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yziabites's avatar

What's the best way to tell your mom that you are in a big, BIG trouble without her, if possible, not getting angry?

Asked by yziabites (104points) July 5th, 2009

my parents went away for business so I was left with the responsibility of taking care of my brother and making life as normal possible for him even though mom and dad are not around. the problem is, i failed a subject and now because of that failure, i became an irregular student meaning i was only allowed to take up the minor subjects MEANING instead of graduating in 2011, now they have to waste money on me for another added year. education is like really a big deal in our family and they have expectations for me. mom’s coming back from their trip. any tips on how do i tell without her possibly taking me out of the family tree? lol

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23 Answers

evelyns_pet_zebra's avatar

Honesty is the best policy, and if that doesn’t work, then nothing anyone on here can do for you is going to be much good.

A wise man once told me, “Always tell the truth, that way, there is no story to have to always remember.”

basp's avatar

Be honest. Have a plan so she knows you have thought of the consequences and how to deal with them.

You might be surprised….....moms sometimes understand more than you think.

TabernakAttack's avatar

You’re the one who has to go back for another year and you’re worried about them being mad at you? Geez. And if it’s just one subject, can’t you just do a make-up course in summer school? (Assuming you’re in high school)?

The_Compassionate_Heretic's avatar

It’s not the end of the world. I don’t know yours but many parents are understanding.

Try not to dwell on it and move ahead as best you can.

Lovey_Howell's avatar

Tell her you’re pregnant and then say, no I’m not, but actually…then tell her the truth.

cookieman's avatar

I agree with with the advice on honesty above.

Remember, no one ever succeeded without failing at first.

Best of luck.

Jeruba's avatar

You can’t guarantee that no one will be angry. That might be a consequence you have to deal with. But the main thing is to get the truth across. And learning to deal with the consequences of your actions is a valuable lesson in itself, one that might be worth more than having passed the course.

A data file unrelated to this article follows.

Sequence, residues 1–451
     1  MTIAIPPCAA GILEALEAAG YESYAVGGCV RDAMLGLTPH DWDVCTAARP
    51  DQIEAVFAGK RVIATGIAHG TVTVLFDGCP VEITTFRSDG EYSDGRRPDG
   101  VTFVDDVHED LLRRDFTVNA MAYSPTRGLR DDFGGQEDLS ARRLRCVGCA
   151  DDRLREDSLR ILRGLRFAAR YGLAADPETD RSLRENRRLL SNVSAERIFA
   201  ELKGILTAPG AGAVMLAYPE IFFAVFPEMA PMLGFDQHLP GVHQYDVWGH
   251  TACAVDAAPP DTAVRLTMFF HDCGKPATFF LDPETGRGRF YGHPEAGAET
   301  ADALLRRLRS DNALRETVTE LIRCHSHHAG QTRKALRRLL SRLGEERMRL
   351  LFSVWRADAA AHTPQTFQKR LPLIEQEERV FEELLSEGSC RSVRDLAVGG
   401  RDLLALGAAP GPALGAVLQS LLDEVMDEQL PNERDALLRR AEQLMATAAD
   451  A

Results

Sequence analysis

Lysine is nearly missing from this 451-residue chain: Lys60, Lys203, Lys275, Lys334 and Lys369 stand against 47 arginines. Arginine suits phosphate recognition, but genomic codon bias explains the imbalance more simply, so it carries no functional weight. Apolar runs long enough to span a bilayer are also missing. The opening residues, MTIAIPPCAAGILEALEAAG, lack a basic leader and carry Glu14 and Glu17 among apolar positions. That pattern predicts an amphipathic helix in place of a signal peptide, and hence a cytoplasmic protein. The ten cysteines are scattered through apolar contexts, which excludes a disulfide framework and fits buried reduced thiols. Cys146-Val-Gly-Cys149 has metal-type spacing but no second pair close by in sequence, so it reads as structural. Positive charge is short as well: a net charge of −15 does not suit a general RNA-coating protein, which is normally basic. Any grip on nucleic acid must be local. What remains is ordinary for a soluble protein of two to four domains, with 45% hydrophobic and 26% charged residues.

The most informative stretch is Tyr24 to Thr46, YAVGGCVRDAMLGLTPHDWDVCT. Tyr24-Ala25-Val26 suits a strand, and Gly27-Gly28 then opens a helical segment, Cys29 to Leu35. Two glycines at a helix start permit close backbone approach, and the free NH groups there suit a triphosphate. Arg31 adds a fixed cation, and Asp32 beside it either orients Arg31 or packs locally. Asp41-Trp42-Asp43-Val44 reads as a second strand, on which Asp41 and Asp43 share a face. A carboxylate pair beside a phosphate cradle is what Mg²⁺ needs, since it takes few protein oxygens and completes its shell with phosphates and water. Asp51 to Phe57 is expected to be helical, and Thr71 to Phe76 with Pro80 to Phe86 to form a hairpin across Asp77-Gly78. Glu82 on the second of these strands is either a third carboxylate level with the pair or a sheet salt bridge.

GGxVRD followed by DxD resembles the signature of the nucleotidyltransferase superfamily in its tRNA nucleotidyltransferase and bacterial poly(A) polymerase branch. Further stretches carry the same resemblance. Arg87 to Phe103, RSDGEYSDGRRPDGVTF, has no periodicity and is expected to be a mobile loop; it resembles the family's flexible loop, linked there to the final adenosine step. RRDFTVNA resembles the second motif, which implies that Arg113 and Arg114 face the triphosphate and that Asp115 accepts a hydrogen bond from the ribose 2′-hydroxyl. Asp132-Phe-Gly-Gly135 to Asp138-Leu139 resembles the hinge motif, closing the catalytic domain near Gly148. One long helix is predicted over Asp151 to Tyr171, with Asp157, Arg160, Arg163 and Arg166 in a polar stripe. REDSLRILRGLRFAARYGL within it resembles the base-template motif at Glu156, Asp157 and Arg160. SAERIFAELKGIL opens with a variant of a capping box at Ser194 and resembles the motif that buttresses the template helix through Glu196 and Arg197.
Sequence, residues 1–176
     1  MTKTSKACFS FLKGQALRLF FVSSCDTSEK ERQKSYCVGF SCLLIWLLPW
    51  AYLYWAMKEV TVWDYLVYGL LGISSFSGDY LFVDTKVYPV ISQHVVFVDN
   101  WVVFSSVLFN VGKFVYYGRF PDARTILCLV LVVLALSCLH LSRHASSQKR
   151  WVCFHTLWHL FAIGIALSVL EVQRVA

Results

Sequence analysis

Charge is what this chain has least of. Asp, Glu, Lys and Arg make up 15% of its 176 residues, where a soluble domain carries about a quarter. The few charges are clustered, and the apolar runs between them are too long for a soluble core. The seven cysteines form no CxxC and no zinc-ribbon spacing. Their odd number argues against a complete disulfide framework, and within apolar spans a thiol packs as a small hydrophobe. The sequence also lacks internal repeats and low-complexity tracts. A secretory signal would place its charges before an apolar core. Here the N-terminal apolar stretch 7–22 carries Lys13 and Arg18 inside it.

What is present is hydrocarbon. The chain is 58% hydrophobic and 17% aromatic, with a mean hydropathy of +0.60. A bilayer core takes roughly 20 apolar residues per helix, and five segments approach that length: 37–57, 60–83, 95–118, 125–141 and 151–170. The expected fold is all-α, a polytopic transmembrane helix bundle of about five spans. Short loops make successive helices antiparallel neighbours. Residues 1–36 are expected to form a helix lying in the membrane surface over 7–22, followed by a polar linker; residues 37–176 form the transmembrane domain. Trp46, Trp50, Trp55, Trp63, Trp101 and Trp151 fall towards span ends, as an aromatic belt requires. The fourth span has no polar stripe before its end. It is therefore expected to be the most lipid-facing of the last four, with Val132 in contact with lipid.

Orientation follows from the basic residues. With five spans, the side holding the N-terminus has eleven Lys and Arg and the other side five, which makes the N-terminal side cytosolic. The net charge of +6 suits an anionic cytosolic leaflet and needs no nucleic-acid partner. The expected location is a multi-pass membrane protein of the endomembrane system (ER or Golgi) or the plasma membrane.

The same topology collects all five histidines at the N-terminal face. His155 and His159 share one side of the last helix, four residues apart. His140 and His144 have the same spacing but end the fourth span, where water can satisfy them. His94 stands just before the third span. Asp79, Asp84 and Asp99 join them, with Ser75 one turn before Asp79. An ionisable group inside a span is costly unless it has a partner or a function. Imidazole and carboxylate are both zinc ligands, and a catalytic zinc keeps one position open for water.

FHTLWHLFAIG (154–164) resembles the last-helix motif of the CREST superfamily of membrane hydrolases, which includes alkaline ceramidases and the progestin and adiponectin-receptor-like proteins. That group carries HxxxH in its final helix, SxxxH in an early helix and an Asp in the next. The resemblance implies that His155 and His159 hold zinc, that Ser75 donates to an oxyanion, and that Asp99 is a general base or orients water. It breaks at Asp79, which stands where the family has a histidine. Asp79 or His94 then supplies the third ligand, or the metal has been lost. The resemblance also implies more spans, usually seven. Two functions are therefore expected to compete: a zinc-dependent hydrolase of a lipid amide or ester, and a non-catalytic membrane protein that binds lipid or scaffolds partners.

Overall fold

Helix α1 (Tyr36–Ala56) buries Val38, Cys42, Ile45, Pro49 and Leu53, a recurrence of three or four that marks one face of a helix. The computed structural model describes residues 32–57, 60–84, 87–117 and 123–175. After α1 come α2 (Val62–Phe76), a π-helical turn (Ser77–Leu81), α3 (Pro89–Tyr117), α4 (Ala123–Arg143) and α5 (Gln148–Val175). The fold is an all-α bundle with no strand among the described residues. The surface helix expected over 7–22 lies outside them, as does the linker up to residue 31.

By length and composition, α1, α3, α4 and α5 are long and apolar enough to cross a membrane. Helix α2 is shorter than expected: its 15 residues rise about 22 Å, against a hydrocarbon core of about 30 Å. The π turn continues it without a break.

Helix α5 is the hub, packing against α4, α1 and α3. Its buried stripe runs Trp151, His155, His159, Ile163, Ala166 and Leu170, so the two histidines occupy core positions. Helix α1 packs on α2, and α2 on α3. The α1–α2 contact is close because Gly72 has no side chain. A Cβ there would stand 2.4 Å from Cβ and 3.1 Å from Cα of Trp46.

Soon enough this will all be behind you. Be brave and just do what you have to do. That’s a far better choice than any other.

I think you already know this.

JLeslie's avatar

As children (I use children meaning children of our parents, not regarding age) we don’t want to dissapoint our parents. Sometimes we think our parents will be angry when we do something that falls below their expectations, but typically they have set out expectations for you because they love you and want to see you succeed. Parents anger is really their fear many times that you might be hurting yourself. From your original statement I think your parents will be understanding and supportive, even though they may display some frustration. Maybe you could get a part time job to help pay for part of the extra term so you will not feel as bad about the money you have cost them?

Hambayuti's avatar

I don’t think it would be possible to stop your mom from getting angry at first. Anger, after all, is an impulsive reaction. But I’m sure that she will not stay angry for long once you have explained your side of the story (make sure it’s a good one. =P hehe. kidding…)

I think she’d be more upset if you didn’t tell her.

PandoraBoxx's avatar

You’re just going to have to let them blow, and get it over with. Some of their anger may be with themselves for being gone so long, and not entirely with you.

I would suggest that you start by telling them how much you missed them, and how difficult it was for you to manage school and home, and that you have new appreciation for how hard it is to be a parent, because you realize you have to make compromises. And that for you, the compromise was not being able to devote the attention you needed to a subject that was harder than you thought because of your responsibility to your brother.

Hang in there. Parents are only angry for awhile, and then it passes. You are the one that is going to have to redo a whole year of school, not them.

Icky's avatar

the damage has already been done. just tell her.

loser's avatar